DURHAM, N.C. (AP) -- The shots fell for Duke, from both inside and outside. And when they didn't, the Blue Devils were in position to outmuscle the best rebounding team in the nation.
Now this is how Mike Krzyzewski's team is supposed to begin its brutal conference schedule.
Behind 20 points from DeMarcus Nelson, Duke (No. 7 ESPN/USA Today, No. 9 AP) cruised to an 87-65 victory against Virginia on Sunday night, perhaps the Blue Devils' most complete victory of the season.
"This is the way we need to play," guard Gerald Henderson said.
Henderson added 18 points and Kyle Singler scored 13 for the Blue Devils (13-1, 1-0 Atlantic Coast Conference). They shot better than 50 percent, never trailed, led by double figures for the entire second half, hit 11 3-pointers and shut down Virginia's perimeter game.
"We knew that they were a 3-point shooting team, especially in transition," Nelson said. "We felt they were going to take a lot of 3s, so our job was just to rebound those long misses when they did occur, and then push it, because we knew that their defensive balance was going to be bad [by] taking perimeter shots."
Duke limited the Cavaliers, a 40 percent shooting team from long range, to just 4-of-14 shooting from beyond the arc and held a 35-34 advantage on the glass against a Virginia team that entered outrebounding its opponents by 12.4 per game.
Sean Singletary scored 18 points and Calvin Baker added 13 for Virginia (10-4, 0-1), which was denied its first victory at Cameron Indoor Stadium since a double-overtime victory in 1995. Its four-game winning streak against ranked teams also was snapped.
"They came out and imposed their will on us, and we didn't have enough to play at a consistently high level throughout the game," Singletary said. "They just kept giving us punches and punches, and sometimes we responded, and sometimes we didn't."
The Blue Devils turned to their strong perimeter game to build an early lead; the ACC's second-best 3-point-shooting team hit 8-of-18 from long range in the first half. Then, when the Cavaliers clamped down on the outside game, Duke simply broke down Virginia's defense off the dribble, repeatedly slicing its way to second-half layups and dunks.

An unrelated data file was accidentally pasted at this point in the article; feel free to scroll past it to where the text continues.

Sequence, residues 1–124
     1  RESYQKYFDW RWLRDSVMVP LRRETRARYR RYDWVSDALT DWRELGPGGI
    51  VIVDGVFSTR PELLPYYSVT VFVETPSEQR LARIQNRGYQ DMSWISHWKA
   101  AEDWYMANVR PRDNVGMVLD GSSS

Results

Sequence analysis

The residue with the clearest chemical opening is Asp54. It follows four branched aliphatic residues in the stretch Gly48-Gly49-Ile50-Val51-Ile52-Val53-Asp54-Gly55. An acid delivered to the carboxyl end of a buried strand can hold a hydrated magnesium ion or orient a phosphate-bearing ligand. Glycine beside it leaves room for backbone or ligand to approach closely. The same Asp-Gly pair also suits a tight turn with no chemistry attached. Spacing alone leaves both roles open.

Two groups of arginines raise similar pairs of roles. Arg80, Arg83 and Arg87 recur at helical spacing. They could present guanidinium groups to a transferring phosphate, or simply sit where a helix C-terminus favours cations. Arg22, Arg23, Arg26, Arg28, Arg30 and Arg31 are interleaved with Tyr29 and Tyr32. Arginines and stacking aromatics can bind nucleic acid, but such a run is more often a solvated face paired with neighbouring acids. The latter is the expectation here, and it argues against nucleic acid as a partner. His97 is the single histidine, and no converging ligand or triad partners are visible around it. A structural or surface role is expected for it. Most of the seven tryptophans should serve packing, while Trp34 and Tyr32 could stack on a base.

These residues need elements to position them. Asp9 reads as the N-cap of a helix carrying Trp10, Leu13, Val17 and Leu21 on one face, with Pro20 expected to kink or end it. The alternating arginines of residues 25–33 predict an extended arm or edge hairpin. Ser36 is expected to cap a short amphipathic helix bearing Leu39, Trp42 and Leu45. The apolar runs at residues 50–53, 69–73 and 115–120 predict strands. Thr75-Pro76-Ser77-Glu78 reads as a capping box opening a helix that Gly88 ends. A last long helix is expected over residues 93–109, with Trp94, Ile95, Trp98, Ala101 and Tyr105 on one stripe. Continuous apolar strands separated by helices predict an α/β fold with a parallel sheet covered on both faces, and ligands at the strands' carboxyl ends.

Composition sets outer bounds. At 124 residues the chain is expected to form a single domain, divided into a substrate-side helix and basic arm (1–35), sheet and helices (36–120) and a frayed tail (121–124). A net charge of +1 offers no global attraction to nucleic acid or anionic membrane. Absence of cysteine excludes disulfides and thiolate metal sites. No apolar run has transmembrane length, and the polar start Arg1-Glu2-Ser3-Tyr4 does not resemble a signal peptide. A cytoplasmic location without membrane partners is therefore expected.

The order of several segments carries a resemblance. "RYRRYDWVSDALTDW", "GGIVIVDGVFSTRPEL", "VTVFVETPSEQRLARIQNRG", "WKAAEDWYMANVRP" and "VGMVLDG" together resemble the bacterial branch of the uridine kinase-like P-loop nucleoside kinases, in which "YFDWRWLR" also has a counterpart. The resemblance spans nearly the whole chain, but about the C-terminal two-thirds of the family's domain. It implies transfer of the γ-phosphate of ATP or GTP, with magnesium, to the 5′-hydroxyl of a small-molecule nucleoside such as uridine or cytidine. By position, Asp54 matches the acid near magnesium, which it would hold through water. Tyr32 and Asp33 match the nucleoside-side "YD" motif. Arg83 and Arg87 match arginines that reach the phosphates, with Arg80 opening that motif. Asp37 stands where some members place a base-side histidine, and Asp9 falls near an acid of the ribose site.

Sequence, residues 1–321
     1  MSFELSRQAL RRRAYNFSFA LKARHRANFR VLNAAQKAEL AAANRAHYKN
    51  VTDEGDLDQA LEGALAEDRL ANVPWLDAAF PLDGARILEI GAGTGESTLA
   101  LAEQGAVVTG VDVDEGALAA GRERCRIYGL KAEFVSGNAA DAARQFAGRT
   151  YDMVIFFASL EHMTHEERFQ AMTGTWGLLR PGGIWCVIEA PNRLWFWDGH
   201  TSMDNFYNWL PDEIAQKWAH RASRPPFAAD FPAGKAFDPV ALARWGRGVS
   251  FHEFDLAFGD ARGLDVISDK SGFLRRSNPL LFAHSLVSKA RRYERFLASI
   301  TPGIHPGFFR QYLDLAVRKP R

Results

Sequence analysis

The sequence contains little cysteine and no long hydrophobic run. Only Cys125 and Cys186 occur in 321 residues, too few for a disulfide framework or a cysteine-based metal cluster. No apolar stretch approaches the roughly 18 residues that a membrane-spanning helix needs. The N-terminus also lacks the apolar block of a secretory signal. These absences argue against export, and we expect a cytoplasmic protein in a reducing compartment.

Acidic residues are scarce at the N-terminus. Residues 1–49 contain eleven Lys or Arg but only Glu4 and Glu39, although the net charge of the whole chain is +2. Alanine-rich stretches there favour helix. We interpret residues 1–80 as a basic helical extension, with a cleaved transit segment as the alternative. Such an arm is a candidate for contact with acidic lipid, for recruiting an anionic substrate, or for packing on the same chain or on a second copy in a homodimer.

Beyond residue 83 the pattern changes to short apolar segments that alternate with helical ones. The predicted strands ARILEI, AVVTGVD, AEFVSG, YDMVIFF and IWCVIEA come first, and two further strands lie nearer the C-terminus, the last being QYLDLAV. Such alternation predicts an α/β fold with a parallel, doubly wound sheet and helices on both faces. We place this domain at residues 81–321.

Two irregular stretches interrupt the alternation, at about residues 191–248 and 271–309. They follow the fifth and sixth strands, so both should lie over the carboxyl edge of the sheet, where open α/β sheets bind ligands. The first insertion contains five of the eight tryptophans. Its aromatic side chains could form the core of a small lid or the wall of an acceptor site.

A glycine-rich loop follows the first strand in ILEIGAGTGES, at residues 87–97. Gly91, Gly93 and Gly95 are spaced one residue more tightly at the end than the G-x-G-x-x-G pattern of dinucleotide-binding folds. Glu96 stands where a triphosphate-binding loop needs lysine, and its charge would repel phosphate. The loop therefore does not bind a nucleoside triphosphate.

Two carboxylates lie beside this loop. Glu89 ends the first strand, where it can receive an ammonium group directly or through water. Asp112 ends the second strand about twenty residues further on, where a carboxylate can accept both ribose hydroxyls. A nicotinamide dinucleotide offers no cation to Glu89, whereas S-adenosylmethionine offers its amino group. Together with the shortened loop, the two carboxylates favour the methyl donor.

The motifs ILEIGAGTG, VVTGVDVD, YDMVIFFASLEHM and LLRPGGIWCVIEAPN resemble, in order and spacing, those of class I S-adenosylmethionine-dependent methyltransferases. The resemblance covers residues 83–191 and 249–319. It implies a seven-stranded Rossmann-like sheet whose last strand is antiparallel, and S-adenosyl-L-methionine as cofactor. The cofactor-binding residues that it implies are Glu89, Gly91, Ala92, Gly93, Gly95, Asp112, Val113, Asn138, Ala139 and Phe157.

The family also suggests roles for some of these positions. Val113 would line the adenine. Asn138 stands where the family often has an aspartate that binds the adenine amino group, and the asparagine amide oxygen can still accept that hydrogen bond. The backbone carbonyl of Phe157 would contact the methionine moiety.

"We really wanted to drive the ball hard like we were going to score," said guard Jon Scheyer, who added 12 points. "If it wasn't there, our kicks [to the guards] were always there. ... Some guys hit them, and in the second half, they took them away [and] we were able to get some drives to the basket."
Nelson was 3-of-4 from 3-point range and scored at least 20 points for the third time in five games for Duke, which has won 10 of 11 in the series.
Mamadi Diane added 11 points on 3-of-12 shooting for the Cavaliers, who turned it over 19 times.
"Our offense got back on its heels and [it was] about the first time that we've been pressured on the wings and denials like that," Virginia coach Dave Leitao said. "We knew that it was coming, and it's not a great way to have it happen to you. Not the first time, but it's the most effective time."
Duke took a permanent double-figure lead late on Taylor King's 3 in the final minutes of the first half, and led by 20 with about 7 1/2 minutes left on Singler's fastbreak dunk off a pretty feed from Greg Paulus.
Duke built a comfortable lead midway through the first half, using an 11-2 spurt to take their largest lead of the half. Nelson's 3 from the corner made it 32-17 with about 6 minutes before the break.
After that, Virginia climbed within 10 only once -- when Baker's jumper pulled the Cavaliers to 38-29 at the 1:59 mark. King knocked down a 3 over Ryan Pettinella 16 seconds later to give the Blue Devils a double-figure lead to stay.
"I thought we did not have one guy who didn't play hard and pretty well," Krzyzewski said. "That's really the first game that that's happened."